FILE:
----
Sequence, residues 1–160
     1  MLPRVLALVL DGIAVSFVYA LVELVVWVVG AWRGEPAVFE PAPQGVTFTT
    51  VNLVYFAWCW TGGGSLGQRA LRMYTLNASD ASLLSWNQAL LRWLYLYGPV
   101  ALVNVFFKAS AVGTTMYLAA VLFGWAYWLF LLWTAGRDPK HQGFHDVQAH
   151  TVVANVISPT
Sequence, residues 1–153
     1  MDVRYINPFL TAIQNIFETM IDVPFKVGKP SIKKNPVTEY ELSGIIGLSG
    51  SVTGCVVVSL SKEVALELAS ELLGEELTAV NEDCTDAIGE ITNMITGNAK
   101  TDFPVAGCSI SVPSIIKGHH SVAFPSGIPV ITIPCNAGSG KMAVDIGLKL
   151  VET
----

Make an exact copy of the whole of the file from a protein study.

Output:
Sequence, residues 1–160
     1  MLPRVLALVL DGIAVSFVYA LVELVVWVVG AWRGEPAVFE PAPQGVTFTT
    51  VNLVYFAWCW TGGGSLGQRA LRMYTLNASD ASLLSWNQAL LRWLYLYGPV
   101  ALVNVFFKAS AVGTTMYLAA VLFGWAYWLF LLWTAGRDPK HQGFHDVQAH
   151  TVVANVISPT
Sequence, residues 1–153
     1  MDVRYINPFL TAIQNIFETM IDVPFKVGKP SIKKNPVTEY ELSGIIGLSG
    51  SVTGCVVVSL SKEVALELAS ELLGEELTAV NEDCTDAIGE ITNMITGNAK
   101  TDFPVAGCSI SVPSIIKGHH SVAFPSGIPV ITIPCNAGSG KMAVDIGLKL
   151  VET